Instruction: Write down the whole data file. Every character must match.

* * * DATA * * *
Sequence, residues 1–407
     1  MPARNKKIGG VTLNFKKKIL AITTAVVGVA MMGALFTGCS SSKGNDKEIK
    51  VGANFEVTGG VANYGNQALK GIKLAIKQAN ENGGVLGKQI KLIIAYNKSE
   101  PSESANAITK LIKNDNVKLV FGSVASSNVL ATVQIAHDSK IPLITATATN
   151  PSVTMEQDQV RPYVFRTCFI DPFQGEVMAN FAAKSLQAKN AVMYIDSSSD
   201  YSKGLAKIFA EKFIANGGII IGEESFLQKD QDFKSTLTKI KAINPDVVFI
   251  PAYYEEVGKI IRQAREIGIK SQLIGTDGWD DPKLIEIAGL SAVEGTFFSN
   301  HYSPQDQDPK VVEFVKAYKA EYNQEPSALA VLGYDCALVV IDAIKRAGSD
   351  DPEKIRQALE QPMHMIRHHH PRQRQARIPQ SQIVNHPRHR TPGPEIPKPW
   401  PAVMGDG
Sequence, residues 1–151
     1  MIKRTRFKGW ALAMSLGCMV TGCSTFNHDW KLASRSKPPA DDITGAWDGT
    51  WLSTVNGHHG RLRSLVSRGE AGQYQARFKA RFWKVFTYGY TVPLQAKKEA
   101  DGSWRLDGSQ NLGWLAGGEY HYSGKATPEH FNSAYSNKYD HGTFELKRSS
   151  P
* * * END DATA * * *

Sequence, residues 1–407
     1  MPARNKKIGG VTLNFKKKIL AITTAVVGVA MMGALFTGCS SSKGNDKEIK
    51  VGANFEVTGG VANYGNQALK GIKLAIKQAN ENGGVLGKQI KLIIAYNKSE
   101  PSESANAITK LIKNDNVKLV FGSVASSNVL ATVQIAHDSK IPLITATATN
   151  PSVTMEQDQV RPYVFRTCFI DPFQGEVMAN FAAKSLQAKN AVMYIDSSSD
   201  YSKGLAKIFA EKFIANGGII IGEESFLQKD QDFKSTLTKI KAINPDVVFI
   251  PAYYEEVGKI IRQAREIGIK SQLIGTDGWD DPKLIEIAGL SAVEGTFFSN
   301  HYSPQDQDPK VVEFVKAYKA EYNQEPSALA VLGYDCALVV IDAIKRAGSD
   351  DPEKIRQALE QPMHMIRHHH PRQRQARIPQ SQIVNHPRHR TPGPEIPKPW
   401  PAVMGDG
Sequence, residues 1–151
     1  MIKRTRFKGW ALAMSLGCMV TGCSTFNHDW KLASRSKPPA DDITGAWDGT
    51  WLSTVNGHHG RLRSLVSRGE AGQYQARFKA RFWKVFTYGY TVPLQAKKEA
   101  DGSWRLDGSQ NLGWLAGGEY HYSGKATPEH FNSAYSNKYD HGTFELKRSS
   151  P